A new efficiency standards for central heating boilers has been set at European level, that could deliver energy savings equivalent to 10% of Europe’s energy consumption by 2020 and save millions on energy bills.

The standards will be enshrined in the Ecodesign Directive and cover minimum requirements for boilers and water heaters. There will be a new labelling system that will make transparent their lifetime energy savings potential so they may be easily compared.

According to an Ecofys study, the correct implementation of the Ecodesign Directive would save 400 million tones of CO2 emissions a year, a figure “comparable to the impact on greenhouse gas (GHG) emissions expected of the EU Emissions Trading System (ETS),” while being far cheaper to implement.

Gas and oil-fired central heating boilers, which make up over 80% of the market, account for 16% of the UK’s greenhouse gas emissions and 17% of the EU’s.

The new measures will see old boilers effectively phased out, and a new generation of more efficient condensing ones.

From 2015, condensing heaters will only get a maximum ‘A’ ranking on a new energy performance label that runs on a scale from ‘G’ to ‘A double+’.

In 2019, a new ‘A triple+’ category will be introduced for super-efficient boilers, such as heat pumps and, from this point on, only renewable and co-generation technologies will qualify for the ‘A+’ label that enables a green-coloured tab to be displayed.

Stéphane Arditi, senior policy officer for the European Environmental Bureau (EEB), said: "Europe’s energy efficiency targets have received a huge boost". He said the standards "will have a dramatic impact on cutting our carbon emissions and save Europe millions of euros on energy bills.”

According to the EEB, the measures will account for 15% of the EU's 2020 goal of improving energy efficiency by 20%, compared to 2005.

Altogether, the Ecodesign Directive will account for up to half of the 2020 goal. Putting it in perspective, this represents one tenth of the EU’s entire primary energy use.

Green groups have welcomed the setting of this standard. Arianna Vitali Roscini, WWF’s energy conservation policy officer called it “one of the efficiency measures that really deliver energy consumption reductions".

Dana Popp, a spokeswoman for the Association of the European Heating Industry (EHI), did voice concerns, however, about the emissions level requirements for gas-fired space and water heating appliances set in the rules. “For gas water heaters, they have set the NOx [nitrogen oxide] requirements so low that industry fears they will no longer be suitable products on their own, because of the investment required.”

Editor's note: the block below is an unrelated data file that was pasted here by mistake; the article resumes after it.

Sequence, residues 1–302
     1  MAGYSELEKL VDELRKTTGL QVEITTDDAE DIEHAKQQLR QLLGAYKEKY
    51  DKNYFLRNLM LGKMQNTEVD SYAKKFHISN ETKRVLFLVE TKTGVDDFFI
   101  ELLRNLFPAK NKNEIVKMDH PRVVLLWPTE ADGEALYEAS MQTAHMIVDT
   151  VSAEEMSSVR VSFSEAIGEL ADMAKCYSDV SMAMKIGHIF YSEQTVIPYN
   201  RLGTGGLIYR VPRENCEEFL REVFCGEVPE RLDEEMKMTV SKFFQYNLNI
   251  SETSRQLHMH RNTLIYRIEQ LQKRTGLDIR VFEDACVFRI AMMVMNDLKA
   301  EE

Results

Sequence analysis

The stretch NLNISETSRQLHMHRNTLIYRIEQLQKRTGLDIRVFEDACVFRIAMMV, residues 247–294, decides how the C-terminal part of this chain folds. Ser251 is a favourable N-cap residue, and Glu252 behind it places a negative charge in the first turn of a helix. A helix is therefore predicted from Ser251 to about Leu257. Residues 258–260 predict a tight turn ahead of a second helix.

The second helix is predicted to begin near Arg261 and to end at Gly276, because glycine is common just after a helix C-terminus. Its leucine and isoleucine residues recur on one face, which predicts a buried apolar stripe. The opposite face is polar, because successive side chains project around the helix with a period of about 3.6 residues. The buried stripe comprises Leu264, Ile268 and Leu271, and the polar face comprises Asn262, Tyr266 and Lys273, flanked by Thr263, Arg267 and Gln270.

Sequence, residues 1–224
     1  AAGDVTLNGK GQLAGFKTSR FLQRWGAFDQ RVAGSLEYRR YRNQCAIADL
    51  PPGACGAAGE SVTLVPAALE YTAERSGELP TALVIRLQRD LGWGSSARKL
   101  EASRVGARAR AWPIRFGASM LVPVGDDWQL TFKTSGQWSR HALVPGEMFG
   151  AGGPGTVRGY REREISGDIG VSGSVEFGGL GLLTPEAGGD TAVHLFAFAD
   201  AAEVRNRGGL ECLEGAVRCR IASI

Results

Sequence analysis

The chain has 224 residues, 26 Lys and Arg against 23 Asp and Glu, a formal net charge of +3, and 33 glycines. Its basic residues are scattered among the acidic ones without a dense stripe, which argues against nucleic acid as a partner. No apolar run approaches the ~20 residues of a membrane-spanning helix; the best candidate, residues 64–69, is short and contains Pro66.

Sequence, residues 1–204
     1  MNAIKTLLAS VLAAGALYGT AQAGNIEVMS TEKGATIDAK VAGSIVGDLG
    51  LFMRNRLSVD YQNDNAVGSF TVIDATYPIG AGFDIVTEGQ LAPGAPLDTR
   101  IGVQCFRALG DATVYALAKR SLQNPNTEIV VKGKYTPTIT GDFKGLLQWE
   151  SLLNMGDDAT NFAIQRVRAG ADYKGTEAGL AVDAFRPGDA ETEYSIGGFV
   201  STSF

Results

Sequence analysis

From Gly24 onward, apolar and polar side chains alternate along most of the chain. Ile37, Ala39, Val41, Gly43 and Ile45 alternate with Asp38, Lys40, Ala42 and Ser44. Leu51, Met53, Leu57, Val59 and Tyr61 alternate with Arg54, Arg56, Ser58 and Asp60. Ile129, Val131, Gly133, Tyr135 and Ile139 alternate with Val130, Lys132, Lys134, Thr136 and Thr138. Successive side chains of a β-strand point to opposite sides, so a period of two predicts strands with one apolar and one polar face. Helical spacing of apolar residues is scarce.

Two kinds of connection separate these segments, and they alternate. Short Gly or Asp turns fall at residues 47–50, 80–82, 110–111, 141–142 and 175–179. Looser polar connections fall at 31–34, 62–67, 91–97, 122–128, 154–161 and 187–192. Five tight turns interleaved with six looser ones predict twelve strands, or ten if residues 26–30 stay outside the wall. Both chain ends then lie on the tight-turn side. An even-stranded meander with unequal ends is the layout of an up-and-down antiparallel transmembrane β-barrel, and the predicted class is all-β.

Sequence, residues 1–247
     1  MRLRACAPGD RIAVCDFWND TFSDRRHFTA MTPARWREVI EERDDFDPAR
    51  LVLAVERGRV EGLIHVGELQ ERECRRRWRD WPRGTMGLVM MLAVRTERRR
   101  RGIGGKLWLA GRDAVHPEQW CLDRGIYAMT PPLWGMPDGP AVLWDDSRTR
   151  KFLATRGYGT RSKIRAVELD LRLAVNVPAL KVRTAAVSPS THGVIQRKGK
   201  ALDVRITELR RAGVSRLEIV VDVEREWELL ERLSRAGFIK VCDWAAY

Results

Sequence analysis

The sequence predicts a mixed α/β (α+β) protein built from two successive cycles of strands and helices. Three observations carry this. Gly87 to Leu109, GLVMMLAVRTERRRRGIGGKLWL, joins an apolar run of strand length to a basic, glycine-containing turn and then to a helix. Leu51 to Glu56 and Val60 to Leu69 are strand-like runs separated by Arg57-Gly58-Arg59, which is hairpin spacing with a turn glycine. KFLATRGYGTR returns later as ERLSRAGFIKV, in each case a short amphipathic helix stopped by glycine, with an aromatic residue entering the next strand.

This is because she believes that it might trigger a shift to electric water heating that would, currently, increase CO2 emissions. However, this was dismissed by other experts.

Industry groups are reportedly also unhappy that condensing heaters will see their colour label change from green to yellow, while green groups are equally unhappy that condensing boilers are being labelled as green until at least 2019.

The resolution follows many years of haggling. Objections were repeatedly raised by Europe’s central heating industry, big German manufacturers and, at one point, the Energy Commissioner Günther Oettinger. Germany produces 60% of all Europe’s boilers, with Italy (20%) and Britain, France and the Netherlands (15%) making the rest.

The final text still needs to be passed by the European Parliament. The new standards will not come into force until 2015.

Environmentalists are saying that because of the directive’s long gestation period there should be a rapid implementation and review process.

Dustin Benton, a senior policy advisor to Green Alliance, holds that British consumers are buying less energy efficient appliances because of the recession. “There is a discrepancy between the projected savings from the Ecodesign Directive and what is actually happening,” he said.

“We need to move more swiftly on the regulatory front and also to provide incentives for energy efficient devices.”

Gas and oil-fired boilers retail for around €1,500-€3,000 and have an efficiency quotient of around 50%, while condensing boilers which retail at around €5,000 can reach have an efficiency level of at least 81%. With further heat recovery, costing £1,200, they can have an efficiency level of 97%.

Heat pumps can deliver energy savings of over 130%, although their price varies from as much as €20,000 to just €6,000 for the least efficient models, which still use less energy than the best-performing condensing boilers.

“We fear that the directive won’t have the desired impact of ensuring that only very efficient products are chosen by customers because economically speaking, some alternatives are far from affordable,” said Dana Popp.

To counteract the prospect that continued support for condensing boilers would entail locking the poor into high energy bills and fuel poverty for years to come, Ardetti has called for more schemes such as Britain's extremely popular boiler scrappage trade-in for old boilers, where people were paid for their old boilers when exchanged for more efficient ones.

Benton proposes adopting the American idea of ‘negawatts’, a feed-in tariff for consumers to encourage their use of low-carbon energy sources, which has been advocated in Britain by the Energy and Climate Change Committee, led by Tim Yeo.

“You can pay people between £10-£35 per avoided kilowatt hour of energy, which compares favourably to low carbon electricity generation,” he said.

Story: David Thorpe, News Editor